Tuesday, December 14, 2010

UEFA European Cup 1980 1981 Ipswich Town Widzew Lodz

Third Round First Leg
Portman Road, Ipswich
26th November 1980 

 Ipswich Town va définitivement atteindre la plénitude au cours d'une saison devenue mythique, 1980-81. Non content de bousculer la hiérarchie du foot anglais, les Boys de Robson sèmeront la terreur un peu partout en Europe à la conquête de la Coupe UEFA.  En huitième de finale, c'est un club polonais qui passe à Portman Road, le redoutable Widzew Lodz. Les coéquipers de Zbignew Boniek font peur: ils ont dévoré tout cru Manchester United et la Juventus Turin lors des tours précédents. Les deux équipes affichent une confiance inébranlable mais la rencontre sera un extraordinaire cavalier seul d'Ipswich: 5-0! Cette fois, le match retour se jouera sans frayeur: sur un terrain enneigé et quasiment impraticable, Ipswich s'incline 0-1 en toute quiétude. Lorsque la fin d'année arrive, les Boys font le bilan: Ils sont en tête du championnat anglais, ils sont toujours en course pour la Coupe UEFA et même en FA Cup. 

A Lodz, Boniek porte rituellement le numéro 9. Mais il n'a d'avant-centre que le titre, si l'on peut dire, car il sait aussi bien diriger la manœuvre que la conclure. Tantôt en retrait, tantôt en pointe, déporté sur les ailes ou dans l'axe du but, Boniek se sort de toutes les situations avec l'aisance d'un spécialiste. La disposition de ses partenaires réclamerait une passe courte : la balle fuse à trente mètres et atterrit dans les pieds d'un joueur démarqué. Et inversement, Boniek joue court quand ses adversaires s'attendent à un long dégagement. Pas d'étonnement à ce que tout le jeu de son équipe passe par ses jambes arquées. Ce à quoi l'artiste roux de l'Association Sportive des Ouvriers de Widzew (traduction littérale de « Ro-botnicze Towarzystwo Sportowe Widzew-Lodz »), créée en 1910, vous répondra que le football, c'est d'abord onze coéquipiers solidaires. Mais il y a ce que l'on dit, et il y a la réalité. Qu'il le veuille ou non, Boniek est la star de Lodz, cette ville ouvrière de plus de cent mille habitants et dont Widzew n'est qu'un faubourg.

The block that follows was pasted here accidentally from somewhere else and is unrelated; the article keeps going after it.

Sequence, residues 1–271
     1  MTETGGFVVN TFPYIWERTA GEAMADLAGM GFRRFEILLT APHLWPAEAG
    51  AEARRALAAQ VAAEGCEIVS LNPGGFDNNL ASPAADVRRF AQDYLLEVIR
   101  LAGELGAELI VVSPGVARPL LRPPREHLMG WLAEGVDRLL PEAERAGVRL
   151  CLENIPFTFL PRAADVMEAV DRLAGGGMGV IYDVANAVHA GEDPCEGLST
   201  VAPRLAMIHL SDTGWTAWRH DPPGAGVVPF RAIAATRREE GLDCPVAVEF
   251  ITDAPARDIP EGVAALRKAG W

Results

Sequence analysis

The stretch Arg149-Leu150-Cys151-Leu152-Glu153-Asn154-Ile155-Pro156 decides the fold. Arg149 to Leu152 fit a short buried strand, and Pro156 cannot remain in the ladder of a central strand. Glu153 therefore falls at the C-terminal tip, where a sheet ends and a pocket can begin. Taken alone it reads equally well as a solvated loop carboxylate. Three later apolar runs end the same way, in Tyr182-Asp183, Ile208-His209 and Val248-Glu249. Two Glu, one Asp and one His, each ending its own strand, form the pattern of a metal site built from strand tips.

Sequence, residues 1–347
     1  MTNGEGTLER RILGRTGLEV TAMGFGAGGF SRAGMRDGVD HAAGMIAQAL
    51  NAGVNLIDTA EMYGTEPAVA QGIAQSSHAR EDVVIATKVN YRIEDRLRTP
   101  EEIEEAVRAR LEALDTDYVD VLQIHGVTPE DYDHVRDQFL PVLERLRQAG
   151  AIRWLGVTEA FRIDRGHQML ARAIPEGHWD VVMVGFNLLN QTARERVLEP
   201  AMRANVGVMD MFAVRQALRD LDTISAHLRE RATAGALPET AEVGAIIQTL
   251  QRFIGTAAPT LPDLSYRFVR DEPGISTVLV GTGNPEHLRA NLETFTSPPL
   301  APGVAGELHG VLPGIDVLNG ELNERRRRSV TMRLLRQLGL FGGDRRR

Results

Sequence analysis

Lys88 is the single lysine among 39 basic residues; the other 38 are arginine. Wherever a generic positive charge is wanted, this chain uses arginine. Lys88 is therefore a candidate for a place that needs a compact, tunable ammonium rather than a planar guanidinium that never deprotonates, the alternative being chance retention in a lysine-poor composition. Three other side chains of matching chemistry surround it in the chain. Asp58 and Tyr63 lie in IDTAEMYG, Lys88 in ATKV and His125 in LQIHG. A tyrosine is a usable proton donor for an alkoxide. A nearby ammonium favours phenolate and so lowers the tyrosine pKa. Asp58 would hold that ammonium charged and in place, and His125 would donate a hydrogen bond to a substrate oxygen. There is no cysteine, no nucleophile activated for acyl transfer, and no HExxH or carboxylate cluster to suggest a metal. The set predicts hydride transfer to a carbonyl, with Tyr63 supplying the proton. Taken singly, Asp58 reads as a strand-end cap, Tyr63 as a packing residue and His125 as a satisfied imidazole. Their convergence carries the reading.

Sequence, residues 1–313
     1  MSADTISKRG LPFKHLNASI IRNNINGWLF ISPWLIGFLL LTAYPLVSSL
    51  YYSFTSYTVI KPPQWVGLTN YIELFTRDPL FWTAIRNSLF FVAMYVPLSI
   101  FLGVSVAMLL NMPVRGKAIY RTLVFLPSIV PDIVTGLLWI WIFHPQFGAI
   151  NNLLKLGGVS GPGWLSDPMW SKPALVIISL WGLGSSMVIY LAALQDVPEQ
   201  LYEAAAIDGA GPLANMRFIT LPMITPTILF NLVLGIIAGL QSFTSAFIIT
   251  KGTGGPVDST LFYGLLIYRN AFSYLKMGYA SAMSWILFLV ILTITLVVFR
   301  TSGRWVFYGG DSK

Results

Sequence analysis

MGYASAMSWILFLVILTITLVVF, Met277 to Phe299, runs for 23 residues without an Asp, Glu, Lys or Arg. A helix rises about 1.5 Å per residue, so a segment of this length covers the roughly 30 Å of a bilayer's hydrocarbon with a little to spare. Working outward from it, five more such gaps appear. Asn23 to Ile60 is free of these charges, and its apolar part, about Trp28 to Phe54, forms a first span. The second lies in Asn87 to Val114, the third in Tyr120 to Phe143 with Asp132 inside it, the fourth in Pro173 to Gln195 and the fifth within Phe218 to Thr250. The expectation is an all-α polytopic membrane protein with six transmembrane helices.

Resume 30 mnts
Mkv Codec H264 
Pass : thewildbunch22
English Comments
Sound 128 k









Zbigniew Boniek

 

Starting his career with his hometown club Zawisa Bydgoszcz, Boniek was soon being tipped for great things. One of Poland's biggest clubs, Widzew Lodz, were in for him immediately, and his form there as an attacking midfielder or forward saw him gain his first national cap in 1976, aged only 20. He was taken to the 1978 World Cup finals in Argentina but sat out the first two group games against West Germany and Tunisia. However, he was brought in for the final game against Mexico and made an immediate impact, scoring twice and outshining more celebrated team-mates such as Deyna and Lato as he inspired the Poles to a 3-1 win that meant they went through as group winners. He kept his place in the tough group 2 matches against Argentina, Brazil and Peru, and, despite failing to score, the 22 year old Boniek had impressed everyone with his commitment, work-rate and no little skill.

Boniek remained at Widzew Lodz until the 1982 World Cup, where another sparkling tournament meant an inevitable move to one of Europe's top clubs. The Poles went into the tournament in Spain as one of the dark-horses, and started off with a respectable 0-0 draw against Italy. Another goal-less draw against surprise package Cameroon meant they went into the final game against Peru needing a win to ensure a place in the next phase. With Boniek, Smolarek, Buncol and Lato pulling all the strings going forward, they crushed the South Americans 5-1 and, as in 1978, they went through as group winners. Probably the best performance of his international career came in the opening match of the second phase - a fantastic hat-trick against Belgium within just 50 minutes. Still one of the best hat-tricks in the tournament's history, it featured all the Boniek traits - guile, determination, pace and skill. A draw against the Soviet Union in the final game meant that Poland had reached the semi-finals. However, a crazy 88th minute yellow card meant that Boniek would miss the match against the Italians. Without their talisman, the Poles went out to a brace from Paulo Rossi in the Nou Camp. And whilst Boniek returned for the 3rd place play-off victory over France, his tournament had been soured by the semi-final suspension.

Boniek's form for both club and country meant Widzew were never going to be able to keep hold of him. Money talked and the £1.1 million that Juventus were prepared to pay for him was massive business at the time, especially for an East European club.

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